This paper studies the e_ect of having a gender diverse corporate board on _nancial _rm performance. Past literature indicates that there is inconclusive evidence whether having gender diverse board increases _nancial _rm performance. This is due to di_erent de_nitions of _nancial _rm performance, gender diversity and the location of _rms studied. India is taken as the country of interest to study the e_ect of having a gender diverse board due to its relatively small female labour participation while simultaneously being one of the few third world countries to have implemented a legislation that requires a minimum number of women present within a corporate board. 4,441 public _rms between 2004 and 2016 are used to study the e_ect of having a gender diverse board on accounting (ROA) and market performance (Tobin's Q) while accounting for institutional intervention, family business, critical mass and independent directors. The results indicates that gender diversity has a positive e_ect on market performance for non-_nancial forms. Gender-balanced boards has a negative e_ect on accounting performance for micro enterprises, while family business that have a higher gender diversity has a positive e_ect on market performance. Finally, the e_ect of Companies Act 2013 indicated a negative e_ect on family businesses with a higher gender diversity in terms of accounting performance. This is consistent across micro enterprises.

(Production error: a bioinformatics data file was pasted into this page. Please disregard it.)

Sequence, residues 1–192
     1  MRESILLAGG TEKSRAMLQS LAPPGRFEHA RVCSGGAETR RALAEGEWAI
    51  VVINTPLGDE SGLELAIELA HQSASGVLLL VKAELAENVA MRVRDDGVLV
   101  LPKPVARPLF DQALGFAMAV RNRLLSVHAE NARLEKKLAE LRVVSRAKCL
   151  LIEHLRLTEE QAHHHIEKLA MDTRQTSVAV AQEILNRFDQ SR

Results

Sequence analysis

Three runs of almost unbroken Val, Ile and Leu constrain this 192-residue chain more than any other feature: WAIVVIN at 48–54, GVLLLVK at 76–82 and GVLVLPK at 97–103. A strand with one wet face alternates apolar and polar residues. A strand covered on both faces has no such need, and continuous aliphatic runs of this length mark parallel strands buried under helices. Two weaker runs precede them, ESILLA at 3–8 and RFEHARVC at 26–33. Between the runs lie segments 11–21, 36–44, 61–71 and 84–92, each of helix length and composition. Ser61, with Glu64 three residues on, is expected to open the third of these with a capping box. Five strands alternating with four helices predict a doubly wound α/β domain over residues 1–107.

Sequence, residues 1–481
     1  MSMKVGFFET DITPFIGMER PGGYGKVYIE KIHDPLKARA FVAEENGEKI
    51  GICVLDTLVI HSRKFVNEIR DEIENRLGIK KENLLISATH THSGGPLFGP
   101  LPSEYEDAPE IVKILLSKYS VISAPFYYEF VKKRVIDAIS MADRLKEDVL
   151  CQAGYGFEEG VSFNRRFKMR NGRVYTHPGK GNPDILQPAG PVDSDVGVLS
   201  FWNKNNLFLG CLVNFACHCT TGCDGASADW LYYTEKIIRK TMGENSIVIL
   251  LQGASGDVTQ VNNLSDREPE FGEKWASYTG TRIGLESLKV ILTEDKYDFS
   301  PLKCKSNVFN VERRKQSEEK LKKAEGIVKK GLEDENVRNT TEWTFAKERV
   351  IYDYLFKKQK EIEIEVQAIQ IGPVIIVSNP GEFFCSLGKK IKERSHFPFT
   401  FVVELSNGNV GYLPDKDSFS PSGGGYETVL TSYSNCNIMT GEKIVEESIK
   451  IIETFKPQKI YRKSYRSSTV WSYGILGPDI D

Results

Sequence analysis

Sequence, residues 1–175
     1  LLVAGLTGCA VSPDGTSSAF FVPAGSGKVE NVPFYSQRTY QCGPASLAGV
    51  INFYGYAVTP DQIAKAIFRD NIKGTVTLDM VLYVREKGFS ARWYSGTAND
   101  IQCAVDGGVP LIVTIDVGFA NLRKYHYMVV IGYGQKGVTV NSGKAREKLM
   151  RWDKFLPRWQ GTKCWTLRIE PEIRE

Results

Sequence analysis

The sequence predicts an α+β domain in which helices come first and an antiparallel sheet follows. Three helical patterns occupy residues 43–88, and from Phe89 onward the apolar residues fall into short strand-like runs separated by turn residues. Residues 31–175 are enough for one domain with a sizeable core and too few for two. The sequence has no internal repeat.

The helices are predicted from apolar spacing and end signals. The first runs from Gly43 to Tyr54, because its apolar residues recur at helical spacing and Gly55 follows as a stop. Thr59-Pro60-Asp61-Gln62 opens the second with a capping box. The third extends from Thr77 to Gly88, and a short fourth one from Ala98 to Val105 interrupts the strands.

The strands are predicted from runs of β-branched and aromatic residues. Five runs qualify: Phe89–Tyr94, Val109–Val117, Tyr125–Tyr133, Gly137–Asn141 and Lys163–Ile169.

Additional Metadata
Thesis Advisor A.S. Bhaskarabhatla
Persistent URL hdl.handle.net/2105/49518
Series Business Economics
Citation
B. Radulovic. (2019, November 8). Women on Board and the impact on Financial Firm Performance - A case study in India. Business Economics. Retrieved from http://hdl.handle.net/2105/49518